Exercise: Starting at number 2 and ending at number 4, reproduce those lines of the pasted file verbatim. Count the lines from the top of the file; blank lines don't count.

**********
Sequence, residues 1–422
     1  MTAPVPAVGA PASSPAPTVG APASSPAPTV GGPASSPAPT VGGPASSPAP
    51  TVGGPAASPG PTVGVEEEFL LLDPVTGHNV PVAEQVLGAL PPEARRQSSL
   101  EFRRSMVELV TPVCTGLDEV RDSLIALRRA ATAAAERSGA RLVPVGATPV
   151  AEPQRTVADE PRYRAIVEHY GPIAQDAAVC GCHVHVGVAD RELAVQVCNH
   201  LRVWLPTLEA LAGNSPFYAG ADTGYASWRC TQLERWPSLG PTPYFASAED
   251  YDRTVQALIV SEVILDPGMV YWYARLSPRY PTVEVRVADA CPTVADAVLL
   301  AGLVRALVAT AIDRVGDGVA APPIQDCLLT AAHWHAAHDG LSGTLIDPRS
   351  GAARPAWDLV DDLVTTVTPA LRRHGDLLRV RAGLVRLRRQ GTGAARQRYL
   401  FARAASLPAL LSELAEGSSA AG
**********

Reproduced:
     1  MTAPVPAVGA PASSPAPTVG APASSPAPTV GGPASSPAPT VGGPASSPAP
    51  TVGGPAASPG PTVGVEEEFL LLDPVTGHNV PVAEQVLGAL PPEARRQSSL
   101  EFRRSMVELV TPVCTGLDEV RDSLIALRRA ATAAAERSGA RLVPVGATPV